The researchers identified 65 studies from 19 nations, with 30 studies having data on time since infection. Of these, 18 studies analyzed protective immunity as a function of time elapsed since primary infection, whereas the remaining 13 studies mentioned the average time since the initial infection. Most studies, i.e., 38, included studies that relied on PCR or RAT, whereas 16 and nine studies on antibody testing and a combination of the two, respectively, for determination of COVID-19 history.
The mean pooled estimate of protection against re-infection was >82% for ancestral, pre-Delta, and Delta variants. The estimates were high (over 85%) against all three study outcomes, irrespective of variant. However, it substantially reduced against re-infection by BA.1 with a collective efficacy of merely 45.3%. Further, the analysis showed that protection against severe illness from Omicron re-infection remained high. Indeed, Omicron BA.4 and BA.5 subvariants showed a greater immune escape.
Strikingly, although protection from past infection waned over time, the level of protection against all three study outcomes appeared durable, similar in magnitude to the protection provided by a two-dose mRNA vaccination regimen, as illustrated in an unpublished study by Nassereldine H et al. Studies directly comparing natural and vaccine-induced protection also made the same observation.
Furthermore, results concerning protection against symptomatic illness were comparable to protection against re-infection, i.e., the first study outcome. Accordingly, it was >82% for ancestral, pre-Delta, and Delta variants but markedly reduced for Omicron BA.1 subvariant, with a pooled estimate of 44%. Data from 12 other included studies showed that protection against severe illness was generally high, with average protection of >78% against all SARS-CoV-2 variants, with the ancestral variant having the lowest collective estimate of 78.1%. Thankfully, this protection appeared durable for up to one year.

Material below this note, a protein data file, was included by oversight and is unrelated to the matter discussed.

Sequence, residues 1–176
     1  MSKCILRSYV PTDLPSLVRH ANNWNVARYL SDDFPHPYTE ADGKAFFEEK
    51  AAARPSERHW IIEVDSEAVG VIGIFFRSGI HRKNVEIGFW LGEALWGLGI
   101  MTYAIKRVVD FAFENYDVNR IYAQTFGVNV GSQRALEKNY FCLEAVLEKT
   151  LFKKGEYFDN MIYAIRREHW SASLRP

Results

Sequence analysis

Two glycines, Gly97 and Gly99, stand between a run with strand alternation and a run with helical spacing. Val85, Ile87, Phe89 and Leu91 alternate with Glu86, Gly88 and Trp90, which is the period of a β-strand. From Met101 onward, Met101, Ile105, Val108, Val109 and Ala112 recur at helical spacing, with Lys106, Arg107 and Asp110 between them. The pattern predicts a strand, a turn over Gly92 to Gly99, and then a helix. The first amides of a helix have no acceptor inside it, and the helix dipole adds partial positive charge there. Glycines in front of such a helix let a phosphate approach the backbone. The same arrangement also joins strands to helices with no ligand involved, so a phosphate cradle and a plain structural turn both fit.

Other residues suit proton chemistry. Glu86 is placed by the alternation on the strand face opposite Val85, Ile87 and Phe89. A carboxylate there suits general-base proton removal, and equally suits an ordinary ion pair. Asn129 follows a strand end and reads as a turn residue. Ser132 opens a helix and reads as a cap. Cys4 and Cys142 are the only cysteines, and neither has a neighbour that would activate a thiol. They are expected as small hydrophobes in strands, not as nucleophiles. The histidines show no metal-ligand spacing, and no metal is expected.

The study results highlighted the need for weighing protective immunity from previous SARS-CoV-2 infections to that conferred by vaccination in preventing the risks of severe morbidities and mortalities due to the initial infection. It could vary with infecting variants; for instance, Omicron caused less severe outcomes than Delta and even posed less risk related to age and pre-existing health conditions (e.g., obesity and hypertension).
Moreover, this study had significant policy implications. First, its results suggested that surveillance systems monitoring SARS-CoV-2 re-infections and variant emergence remain relevant as they could help manage current and future transmission. Second, nations should consider restricting travel or access to specific venues based on immune status conferred by vaccination and natural infection. Thus, some countries righteously considered past infection as one of the eligibility criteria for the European Union COVID certificate, except for the United States of America and Australia.
Third, past infection-acquired immunity should be an integral part of the guidelines when prioritizing people for COVID-19 vaccination, including boosters. Lastly, as new SARS-CoV-2 variants emerge, epidemiological studies should monitor the protection afforded by past infections and not just the COVID-19 vaccination.